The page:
Death is undoubtedly the strongest motif in Seth MacFarlane’s newest live-action feature film A Million Ways To Die In the West. And like the motif itself, one cannot help but be bored to death with a film, that started off as an inside joke between friends (MacFarlane as well as his co-writers Alec Sulkin and Wellesley Wild), and develops into a perfectly displayed example of what happens when people who have too much money are given the freedom to make any piece of cow dung they want.
If you are wondering just how and why A Million Ways was made in the first place, take this into consideration; MacFarlane’s first live-action feature, a film set-around a fouled mouth, prostitute loving teddy bear, only cost the studio $50 Million dollars and sought in about $550 Million, excluding profitable marketing and merchandising. A Million Ways has a production budget of about $40 Million, and will surely either recoup its budget completely, or draw in massive crowds for a pleasing profit. Seems like the wild west isn’t the only west with some issues. Western society is getting more and more involved with money making ideas than with any artistic ideas of merit at all, and because of that, our canon of comedy is suffering greatly for it. I can only imagine what our grandchildren and great-grandchildren will say when they see mere minutes of this and compare it to the classic masterful parodies before this like Blazing Saddles.
To say that MacFarlane’s A Million Ways is bad is giving it a compliment. Watching A Million Ways only once and being able to it endure it for the one time, is like watching the dumbest person you can image hitting a loved one unnecessarily for an extended period of time, and calling it comedy. Mixing in messy slapstick, vulgarity, violence, gore, animation and unrefined sexuality and sexually innuendoed jokes, MacFarlane better snuggle up and be comfortable beside his teddy bear for the sequel of his surprise summer hit Ted, cause A Millions Ways is worse than having monsters coming out from under your bed.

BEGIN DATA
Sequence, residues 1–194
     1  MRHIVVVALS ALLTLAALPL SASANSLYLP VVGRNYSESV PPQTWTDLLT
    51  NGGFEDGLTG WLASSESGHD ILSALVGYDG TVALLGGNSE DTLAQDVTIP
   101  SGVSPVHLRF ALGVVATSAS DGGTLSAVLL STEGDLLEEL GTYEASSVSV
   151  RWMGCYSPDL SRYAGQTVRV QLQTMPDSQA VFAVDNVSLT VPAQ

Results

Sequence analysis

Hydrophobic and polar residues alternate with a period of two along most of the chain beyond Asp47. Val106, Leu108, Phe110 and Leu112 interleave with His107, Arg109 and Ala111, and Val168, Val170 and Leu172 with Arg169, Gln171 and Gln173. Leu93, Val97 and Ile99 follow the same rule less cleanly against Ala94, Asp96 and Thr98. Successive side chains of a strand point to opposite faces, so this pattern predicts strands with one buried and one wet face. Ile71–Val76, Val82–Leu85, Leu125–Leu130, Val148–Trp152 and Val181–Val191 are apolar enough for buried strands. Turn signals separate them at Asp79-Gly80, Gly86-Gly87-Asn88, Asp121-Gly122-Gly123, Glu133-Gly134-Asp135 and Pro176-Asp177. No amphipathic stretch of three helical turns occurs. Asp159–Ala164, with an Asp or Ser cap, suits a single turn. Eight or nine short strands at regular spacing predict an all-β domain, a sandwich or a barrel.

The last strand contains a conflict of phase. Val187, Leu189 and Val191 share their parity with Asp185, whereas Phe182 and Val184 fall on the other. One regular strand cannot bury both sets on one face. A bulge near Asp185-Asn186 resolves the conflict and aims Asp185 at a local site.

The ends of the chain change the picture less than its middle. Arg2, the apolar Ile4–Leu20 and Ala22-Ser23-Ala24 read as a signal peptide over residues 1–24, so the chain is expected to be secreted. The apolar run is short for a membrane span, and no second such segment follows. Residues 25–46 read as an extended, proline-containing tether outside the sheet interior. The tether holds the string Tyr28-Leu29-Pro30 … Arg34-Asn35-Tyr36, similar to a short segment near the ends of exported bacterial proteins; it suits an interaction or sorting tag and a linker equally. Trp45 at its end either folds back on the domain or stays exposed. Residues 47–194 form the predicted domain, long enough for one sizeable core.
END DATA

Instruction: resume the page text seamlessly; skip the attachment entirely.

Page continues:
Like any good parody, the story begins similar to any other cliched generic story of a specific genre, in this instance, a Western centred around a poor sheep farmer Albert Stark (MacFarlane) and his inability to assimilate himself into the life of the frontier. Unable to grasp his hand or head around guns or gunfighting, MacFarlane writes himself as the lead protagonist with much knowledge and immense wit of today’s society, comparing it to the ridiculousness of the wild west. Albert, who avoids confrontation at all costs, backs-out from duels forcing his girlfriend Louise (Amanda Seyfried) to leave him for a wealthier and more macho man in town, Foy (ironically, Neil Patrick Harris). Depressed, lonely and unable to shake the feelings he has with his ex-girlfriend, Albert tries to find sanity and logic from his best friends and couple, devoted Christian Edward (Giovani Ribisi) and his prostituting girlfriend Ruth (the always hysterical Sarah Silverman). Albert, ready to give up, stumbles into the saloon one night and fatefully helps a beautiful Anna (Charlize Theron) escape a dangerous situation. As the two begin to bond over gun totting and a mutual hate of the wild west, Albert’s world is about to get shattered as his newest relationship finds him at the open end of Anna’s husband’s gun, a gun belonging to the notorious and deadly Clinch Leatherwood (Liam Neeson).